Looking for a totally free way to access a variety of paid genealogy records, like those provided by Ancestry or MyHeritage, from your own computer?
Well there’s good news, you most likely can. And you might be surprised to hear that the solution is probably only a few clicks away.
An increasing number of libraries are now providing access to genealogy resources free of charge. Many can be accessed directly on their websites — meaning that you can take advantage of the services they offer at home. Others can be accessed at the library itself by bringing along your laptop or tablet and using the library’s complimentary wifi and access portal.
Of course, many libraries are digitizing their own historic records and providing them online for members, which we love, but others are also subscribing to large genealogy research sites and then allowing active patrons to access these sites directly from the library’s website.
Partnerships with ebook services are also making more and more online family history books available, and it is easier than ever to borrow and read them on your tablet, phone or ereader.
Free access to sites like Ancestry, Fold3, World Vital Records or genealogy related ebooks are common and are a great way to save on family history research while supporting your library.
Of course, not all library offerings are the same, but many are providing a wealth of free digital resources as a way to keep the community connected to their local library and retain the funding they need to thrive. While some resources are usually only available when you are at the library itself (like Ancestry Library Edition), we were thrilled to discover that the vast majority of libraries we reviewed were offering access to expensive subscription services completely free of cost to members from their own home computers as well.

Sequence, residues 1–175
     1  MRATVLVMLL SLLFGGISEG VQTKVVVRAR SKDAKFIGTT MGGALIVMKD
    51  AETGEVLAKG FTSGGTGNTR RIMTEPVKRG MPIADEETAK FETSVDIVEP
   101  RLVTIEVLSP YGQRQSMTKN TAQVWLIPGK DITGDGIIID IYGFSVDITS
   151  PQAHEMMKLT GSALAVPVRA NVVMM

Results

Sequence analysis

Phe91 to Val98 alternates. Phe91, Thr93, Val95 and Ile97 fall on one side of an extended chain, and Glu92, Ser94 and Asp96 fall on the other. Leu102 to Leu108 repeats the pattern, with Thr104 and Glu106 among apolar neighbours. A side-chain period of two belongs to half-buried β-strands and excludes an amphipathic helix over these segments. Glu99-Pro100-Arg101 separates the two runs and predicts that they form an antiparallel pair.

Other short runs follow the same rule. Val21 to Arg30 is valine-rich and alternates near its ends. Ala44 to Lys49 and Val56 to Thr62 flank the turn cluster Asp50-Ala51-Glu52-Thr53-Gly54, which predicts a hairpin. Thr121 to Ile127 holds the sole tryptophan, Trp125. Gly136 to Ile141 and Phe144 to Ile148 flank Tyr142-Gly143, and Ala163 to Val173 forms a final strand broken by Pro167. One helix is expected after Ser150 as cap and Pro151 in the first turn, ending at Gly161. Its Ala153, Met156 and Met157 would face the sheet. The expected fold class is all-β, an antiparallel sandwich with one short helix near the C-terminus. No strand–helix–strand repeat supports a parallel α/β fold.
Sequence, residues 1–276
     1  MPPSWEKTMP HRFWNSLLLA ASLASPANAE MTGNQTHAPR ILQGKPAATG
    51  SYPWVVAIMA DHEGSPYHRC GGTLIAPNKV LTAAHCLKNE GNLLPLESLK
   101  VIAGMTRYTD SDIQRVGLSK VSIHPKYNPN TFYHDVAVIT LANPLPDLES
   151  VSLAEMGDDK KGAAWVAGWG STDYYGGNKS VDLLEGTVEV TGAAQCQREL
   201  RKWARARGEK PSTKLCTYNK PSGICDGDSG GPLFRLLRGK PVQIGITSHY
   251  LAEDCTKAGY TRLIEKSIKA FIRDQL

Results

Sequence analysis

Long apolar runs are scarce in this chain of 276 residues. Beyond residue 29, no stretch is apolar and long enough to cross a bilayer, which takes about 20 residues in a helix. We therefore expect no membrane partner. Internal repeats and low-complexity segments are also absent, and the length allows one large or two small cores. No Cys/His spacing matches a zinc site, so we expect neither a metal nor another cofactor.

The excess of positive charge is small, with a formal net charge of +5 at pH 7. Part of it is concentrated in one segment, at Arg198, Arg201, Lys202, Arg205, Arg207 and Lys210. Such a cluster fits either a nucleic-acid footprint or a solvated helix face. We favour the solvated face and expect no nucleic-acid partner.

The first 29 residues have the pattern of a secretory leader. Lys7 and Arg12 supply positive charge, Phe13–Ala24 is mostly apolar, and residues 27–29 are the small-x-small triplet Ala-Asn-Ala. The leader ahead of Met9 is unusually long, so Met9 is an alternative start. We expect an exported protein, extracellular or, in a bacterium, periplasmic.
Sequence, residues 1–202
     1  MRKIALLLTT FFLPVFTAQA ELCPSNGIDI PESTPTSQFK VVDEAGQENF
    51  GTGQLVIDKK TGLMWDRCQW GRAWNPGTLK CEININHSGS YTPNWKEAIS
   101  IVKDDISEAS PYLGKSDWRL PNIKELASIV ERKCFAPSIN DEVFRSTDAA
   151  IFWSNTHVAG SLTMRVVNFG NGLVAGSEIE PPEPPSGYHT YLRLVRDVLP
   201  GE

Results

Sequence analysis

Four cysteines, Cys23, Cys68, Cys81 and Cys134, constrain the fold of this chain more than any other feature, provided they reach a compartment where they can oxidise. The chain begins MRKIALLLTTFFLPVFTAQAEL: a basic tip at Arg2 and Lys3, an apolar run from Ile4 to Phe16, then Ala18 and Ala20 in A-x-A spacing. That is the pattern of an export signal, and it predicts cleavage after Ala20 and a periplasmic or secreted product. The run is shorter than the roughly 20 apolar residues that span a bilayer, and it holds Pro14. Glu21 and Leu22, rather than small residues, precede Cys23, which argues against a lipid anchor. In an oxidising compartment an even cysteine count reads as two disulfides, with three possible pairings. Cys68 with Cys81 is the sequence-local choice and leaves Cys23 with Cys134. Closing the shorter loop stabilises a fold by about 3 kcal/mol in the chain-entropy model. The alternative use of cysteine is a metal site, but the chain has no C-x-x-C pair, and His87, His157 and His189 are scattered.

Dallas Public Library, for instance, has such a wide selection of genealogy services available online it almost makes you want to relocate to Texas. Smaller library systems may only offer a fraction of the free resources of a larger library–but any free access is helpful.
And even if your library doesn’t hold a certain genealogy book on their shelves, you might find they offer it online. If your library has teamed up with OverDrive you can easily connect your Amazon account to your library account and read these borrowed books right on your Kindle, or through a Kindle app on your computer, tablet or phone.
If you’re not sure what free digital services your library offers, head over to their website and take a look. Make sure you have your library card handy through, because you’ll likely need your card number to access these types of member only benefits.
Free access to subscription services is usually as simple as finding your library’s genealogy section, following a special link and entering your library card number.
Downloading ebooks is also straightforward once you’ve entered the online borrowing system your library has set up. In most instances, you will need to set up an account with Overdrive through the website link provided by your library and then borrow and download the book type you desire (ie PDF, EPUB or Kindle). Linking the account to your Kindle, if you have one, is a two-step process that is explained on Overdrive when attempting to download the Kindle edition.
And don’t forget, if your library doesn’t have what you’re looking for, you can request it! The more requests they get for these types of free genealogy resources the more likely they are to provide them.
Image: “Young African American woman,” 1899 or 1900, Library of Congress
Originally published Sept 2015.
12 thoughts on “Access Paid Genealogy Databases for Free With This Simple Trick”
Wrong. Complimentary means free of charge.
It could be all records of your German family were lost during the Russian invasion in WW II. Many towns were hastily evacuated before they were invaded. I know the town my own ancestors lived in, now a part of Poland, had its local castle demolished and all the tombstones in the graveyard pulled up and used to pave the roads. Sad but true.